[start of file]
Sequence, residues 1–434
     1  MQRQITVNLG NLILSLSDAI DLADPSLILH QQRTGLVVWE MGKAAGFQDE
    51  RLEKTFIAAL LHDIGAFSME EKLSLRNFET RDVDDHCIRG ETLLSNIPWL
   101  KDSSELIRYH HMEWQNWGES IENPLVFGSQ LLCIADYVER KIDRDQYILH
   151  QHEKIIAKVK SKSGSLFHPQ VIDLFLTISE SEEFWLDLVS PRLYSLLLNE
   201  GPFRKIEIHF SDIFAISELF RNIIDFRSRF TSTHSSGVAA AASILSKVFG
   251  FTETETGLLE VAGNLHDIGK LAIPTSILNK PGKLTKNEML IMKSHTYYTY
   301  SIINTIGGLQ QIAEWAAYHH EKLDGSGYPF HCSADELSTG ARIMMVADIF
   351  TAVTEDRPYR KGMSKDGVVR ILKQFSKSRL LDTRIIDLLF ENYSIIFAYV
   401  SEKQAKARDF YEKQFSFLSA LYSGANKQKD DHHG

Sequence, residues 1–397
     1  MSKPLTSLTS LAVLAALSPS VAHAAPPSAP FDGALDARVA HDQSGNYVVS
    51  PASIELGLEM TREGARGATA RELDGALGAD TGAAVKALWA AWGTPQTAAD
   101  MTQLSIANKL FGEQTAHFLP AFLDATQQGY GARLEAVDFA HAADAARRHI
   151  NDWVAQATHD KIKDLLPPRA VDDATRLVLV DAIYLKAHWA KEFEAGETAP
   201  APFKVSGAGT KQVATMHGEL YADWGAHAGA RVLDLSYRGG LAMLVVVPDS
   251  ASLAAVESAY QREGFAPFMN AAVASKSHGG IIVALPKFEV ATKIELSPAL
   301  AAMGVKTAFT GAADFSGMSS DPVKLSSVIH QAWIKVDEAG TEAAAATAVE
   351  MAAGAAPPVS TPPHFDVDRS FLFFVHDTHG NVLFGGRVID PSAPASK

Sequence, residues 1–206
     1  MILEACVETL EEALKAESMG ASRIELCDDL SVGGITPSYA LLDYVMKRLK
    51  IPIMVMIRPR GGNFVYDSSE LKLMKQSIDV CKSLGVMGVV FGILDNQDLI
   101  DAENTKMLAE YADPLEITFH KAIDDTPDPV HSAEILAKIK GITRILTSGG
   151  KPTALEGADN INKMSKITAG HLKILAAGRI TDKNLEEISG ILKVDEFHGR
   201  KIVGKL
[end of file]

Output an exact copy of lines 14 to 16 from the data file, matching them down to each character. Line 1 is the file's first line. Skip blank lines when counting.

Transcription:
   101  MTQLSIANKL FGEQTAHFLP AFLDATQQGY GARLEAVDFA HAADAARRHI
   151  NDWVAQATHD KIKDLLPPRA VDDATRLVLV DAIYLKAHWA KEFEAGETAP
   201  APFKVSGAGT KQVATMHGEL YADWGAHAGA RVLDLSYRGG LAMLVVVPDS